Colonial Discourse and the Suffering of Indian American Children Book Cover.webp

In this book, we analyze the psycho-social consequences faced by Indian American children after exposure to the school textbook discourse on Hinduism and ancient India. We demonstrate that there is an intimate connection—an almost exact correspondence—between James Mill’s colonial-racist discourse (Mill was the head of the British East India Company) and the current school textbook discourse. This racist discourse, camouflaged under the cover of political correctness, produces the same psychological impacts on Indian American children that racism typically causes: shame, inferiority, embarrassment, identity confusion, assimilation, and a phenomenon akin to racelessness, where children dissociate from the traditions and culture of their ancestors.

This book is the result of four years of rigorous research and academic peer-review, reflecting our ongoing commitment at Hindupedia to challenge the representation of Hindu Dharma within academia.


From Hindupedia, the Hindu Encyclopedia

By Swami Harshananda

Religion and culture was proliferating to the various islands of South East Asia from the first century CE. Some of the kings of South India who were defeated by their rivals, migrated to the islands like Jāva and established their own kingdoms there. Jāva was known as Yavadvīpa. It existed probably from the 10th century CE. It was the home of well-known dynasties of kings like Śrīvijaya Rāja.

The work Ajiśaka states that during the 1st century CE, twenty thousand people migrated from Kaliṅga (Orissa, India) and settled in the island of Jāva. A very large number of scriptural works in Sanskrit, except the Vedas, written in the Kawi script have been discovered here.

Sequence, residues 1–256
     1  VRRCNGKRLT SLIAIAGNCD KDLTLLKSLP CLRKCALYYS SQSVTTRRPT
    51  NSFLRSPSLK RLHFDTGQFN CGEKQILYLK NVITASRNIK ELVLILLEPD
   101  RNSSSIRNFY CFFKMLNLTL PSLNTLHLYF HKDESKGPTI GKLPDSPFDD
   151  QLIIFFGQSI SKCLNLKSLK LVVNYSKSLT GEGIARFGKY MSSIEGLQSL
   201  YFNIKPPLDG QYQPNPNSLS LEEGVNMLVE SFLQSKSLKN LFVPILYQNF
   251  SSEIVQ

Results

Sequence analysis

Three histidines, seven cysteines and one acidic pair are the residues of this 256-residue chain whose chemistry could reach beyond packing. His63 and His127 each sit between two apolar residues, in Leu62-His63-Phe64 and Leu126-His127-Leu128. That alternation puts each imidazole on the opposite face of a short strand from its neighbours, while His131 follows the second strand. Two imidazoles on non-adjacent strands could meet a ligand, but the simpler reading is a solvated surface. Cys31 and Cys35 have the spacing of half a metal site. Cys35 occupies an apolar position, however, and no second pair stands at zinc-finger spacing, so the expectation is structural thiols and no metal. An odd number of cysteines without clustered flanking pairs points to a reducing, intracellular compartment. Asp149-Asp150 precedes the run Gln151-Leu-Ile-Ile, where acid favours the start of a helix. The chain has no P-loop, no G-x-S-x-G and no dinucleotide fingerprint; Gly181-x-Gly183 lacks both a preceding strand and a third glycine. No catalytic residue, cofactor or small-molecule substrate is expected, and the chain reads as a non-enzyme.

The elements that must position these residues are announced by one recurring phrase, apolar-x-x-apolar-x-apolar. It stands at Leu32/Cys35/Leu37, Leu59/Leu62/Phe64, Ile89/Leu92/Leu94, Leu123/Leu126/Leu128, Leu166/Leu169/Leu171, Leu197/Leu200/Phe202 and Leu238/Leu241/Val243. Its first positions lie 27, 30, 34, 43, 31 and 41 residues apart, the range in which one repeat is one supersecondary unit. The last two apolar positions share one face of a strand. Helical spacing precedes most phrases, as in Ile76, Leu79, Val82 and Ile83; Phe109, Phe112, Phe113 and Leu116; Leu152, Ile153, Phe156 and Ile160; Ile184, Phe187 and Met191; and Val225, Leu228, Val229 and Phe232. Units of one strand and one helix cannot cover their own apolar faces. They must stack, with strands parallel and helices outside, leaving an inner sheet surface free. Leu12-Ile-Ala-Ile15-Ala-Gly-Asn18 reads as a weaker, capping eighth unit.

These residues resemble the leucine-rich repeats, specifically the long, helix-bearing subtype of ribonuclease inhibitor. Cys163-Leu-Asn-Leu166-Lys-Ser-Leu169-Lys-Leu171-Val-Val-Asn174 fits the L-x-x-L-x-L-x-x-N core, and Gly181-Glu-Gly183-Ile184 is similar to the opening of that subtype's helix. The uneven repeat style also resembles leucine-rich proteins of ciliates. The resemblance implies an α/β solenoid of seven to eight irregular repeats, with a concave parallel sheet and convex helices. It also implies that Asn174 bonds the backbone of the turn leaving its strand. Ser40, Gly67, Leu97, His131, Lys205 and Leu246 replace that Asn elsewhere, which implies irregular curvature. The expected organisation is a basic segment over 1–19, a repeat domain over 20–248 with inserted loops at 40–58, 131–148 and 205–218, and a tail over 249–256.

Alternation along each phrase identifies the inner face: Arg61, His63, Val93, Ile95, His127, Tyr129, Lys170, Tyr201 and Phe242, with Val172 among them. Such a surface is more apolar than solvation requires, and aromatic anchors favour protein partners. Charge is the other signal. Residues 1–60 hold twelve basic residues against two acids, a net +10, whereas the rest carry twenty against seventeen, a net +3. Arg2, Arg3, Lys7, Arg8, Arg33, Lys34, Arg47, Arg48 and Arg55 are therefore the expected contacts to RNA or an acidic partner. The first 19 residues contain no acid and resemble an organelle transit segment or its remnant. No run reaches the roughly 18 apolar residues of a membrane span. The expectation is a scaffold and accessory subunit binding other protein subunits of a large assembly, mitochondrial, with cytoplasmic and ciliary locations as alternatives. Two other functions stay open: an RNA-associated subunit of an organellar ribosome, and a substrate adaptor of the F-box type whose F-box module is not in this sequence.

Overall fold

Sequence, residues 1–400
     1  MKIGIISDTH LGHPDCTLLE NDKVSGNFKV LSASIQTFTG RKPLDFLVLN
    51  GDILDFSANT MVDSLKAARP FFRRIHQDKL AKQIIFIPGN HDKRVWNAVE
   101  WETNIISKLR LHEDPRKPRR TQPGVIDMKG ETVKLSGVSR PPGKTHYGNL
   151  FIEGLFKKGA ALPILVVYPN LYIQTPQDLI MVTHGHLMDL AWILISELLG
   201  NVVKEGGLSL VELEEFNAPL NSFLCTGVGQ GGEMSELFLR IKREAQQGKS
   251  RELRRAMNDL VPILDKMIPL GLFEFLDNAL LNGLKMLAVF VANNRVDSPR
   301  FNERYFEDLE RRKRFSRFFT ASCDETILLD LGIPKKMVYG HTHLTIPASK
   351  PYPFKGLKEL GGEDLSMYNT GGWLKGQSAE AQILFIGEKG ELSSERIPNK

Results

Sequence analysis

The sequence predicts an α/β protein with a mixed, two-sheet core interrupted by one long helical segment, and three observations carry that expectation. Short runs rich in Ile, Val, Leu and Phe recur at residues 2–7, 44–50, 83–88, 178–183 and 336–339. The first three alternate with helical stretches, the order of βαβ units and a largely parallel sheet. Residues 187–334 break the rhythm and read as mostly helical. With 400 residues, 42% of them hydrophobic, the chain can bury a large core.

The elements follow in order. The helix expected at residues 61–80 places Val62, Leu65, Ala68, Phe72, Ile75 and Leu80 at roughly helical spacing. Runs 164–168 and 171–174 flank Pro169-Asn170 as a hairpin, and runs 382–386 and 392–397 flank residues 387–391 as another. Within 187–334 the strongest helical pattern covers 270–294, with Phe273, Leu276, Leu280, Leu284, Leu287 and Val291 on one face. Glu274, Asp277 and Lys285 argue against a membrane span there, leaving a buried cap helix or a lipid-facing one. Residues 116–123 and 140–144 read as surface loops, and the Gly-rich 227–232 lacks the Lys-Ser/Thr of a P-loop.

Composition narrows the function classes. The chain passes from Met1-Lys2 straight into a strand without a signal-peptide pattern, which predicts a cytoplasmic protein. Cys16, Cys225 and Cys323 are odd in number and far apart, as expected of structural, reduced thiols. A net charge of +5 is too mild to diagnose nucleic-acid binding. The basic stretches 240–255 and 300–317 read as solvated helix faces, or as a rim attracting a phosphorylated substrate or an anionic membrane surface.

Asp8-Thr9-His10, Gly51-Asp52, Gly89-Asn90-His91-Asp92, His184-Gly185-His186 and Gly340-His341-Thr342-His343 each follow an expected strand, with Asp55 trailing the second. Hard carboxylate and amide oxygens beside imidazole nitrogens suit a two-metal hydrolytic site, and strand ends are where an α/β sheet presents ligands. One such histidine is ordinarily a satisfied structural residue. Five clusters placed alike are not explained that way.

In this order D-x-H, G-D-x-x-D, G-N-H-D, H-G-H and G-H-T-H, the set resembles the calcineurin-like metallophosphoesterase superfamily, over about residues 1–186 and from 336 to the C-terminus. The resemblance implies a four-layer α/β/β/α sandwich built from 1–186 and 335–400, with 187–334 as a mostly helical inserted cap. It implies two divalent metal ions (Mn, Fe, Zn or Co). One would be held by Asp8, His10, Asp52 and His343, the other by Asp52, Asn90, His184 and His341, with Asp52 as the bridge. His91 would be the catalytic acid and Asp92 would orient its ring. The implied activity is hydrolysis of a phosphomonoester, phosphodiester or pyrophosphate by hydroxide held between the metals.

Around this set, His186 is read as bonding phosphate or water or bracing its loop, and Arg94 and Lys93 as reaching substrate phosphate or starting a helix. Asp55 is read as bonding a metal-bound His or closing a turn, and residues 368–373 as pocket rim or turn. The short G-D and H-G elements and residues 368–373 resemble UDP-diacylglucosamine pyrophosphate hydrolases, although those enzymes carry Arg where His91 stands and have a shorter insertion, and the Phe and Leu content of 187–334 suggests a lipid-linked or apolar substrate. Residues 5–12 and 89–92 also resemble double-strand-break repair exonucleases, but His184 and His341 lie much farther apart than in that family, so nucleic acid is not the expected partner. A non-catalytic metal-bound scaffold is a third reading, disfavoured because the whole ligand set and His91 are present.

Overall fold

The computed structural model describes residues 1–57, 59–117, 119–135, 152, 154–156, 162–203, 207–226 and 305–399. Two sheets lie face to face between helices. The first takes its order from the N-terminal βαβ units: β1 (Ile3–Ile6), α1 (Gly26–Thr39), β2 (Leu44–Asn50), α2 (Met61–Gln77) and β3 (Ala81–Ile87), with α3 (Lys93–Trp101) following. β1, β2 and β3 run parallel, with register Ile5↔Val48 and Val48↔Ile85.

Śaivism made its first appearance in Jāva around 4th century CE. The oldest idol of Gaṇeśa has been found on the Dieng plateau, but the idol found near Borobudur is considered to be the finest.

Scriptures Found in Jāva[edit]

Many scriptures are accounted to this region. The works recovered from there have been mentioned below.


Purāṇas are the mythological works. The purāṇas found there are:

  1. Brahmāndapurāṇa
  2. Viṣṇupurāna


Rituals and modes of worship have been mentioned in Mantraśāstra. The sections found here include :

  • Suryasevana - pujā of Siva and Āditya
  • Several mantras connected with ritualistic worship
  • Mṛtyuñjaya mantra
  • Gāyatrī mantra
  • Hymns like Visnustava


Nītiśāstra denotes the ethics subscribed for a person to lead life. Nītiśāstra found in Jāva include:


It deals with the social sciences. The versions found there include:

  • Śivaśāsana
  • Kutāra Mānavāgama
  • Devāgama
  • Svarajambu


Vyākaraṇa means the grammar. The modules found there include:

  • Ādisvara
  • Amaramālā
  • Vrttasañcaya


  • Apart from these there is the famous Rāmāyana Kakawin in old Javanese.
  • Works on medicines, astrology, stories, literary classics and history have also been found.
  • The Rāmakavaca of 22 verses in Sanskrit was recovered there and appears to be quite popular even now.


  • The Concise Encyclopedia of Hinduism, Swami Harshananda, Ram Krishna Math, Bangalore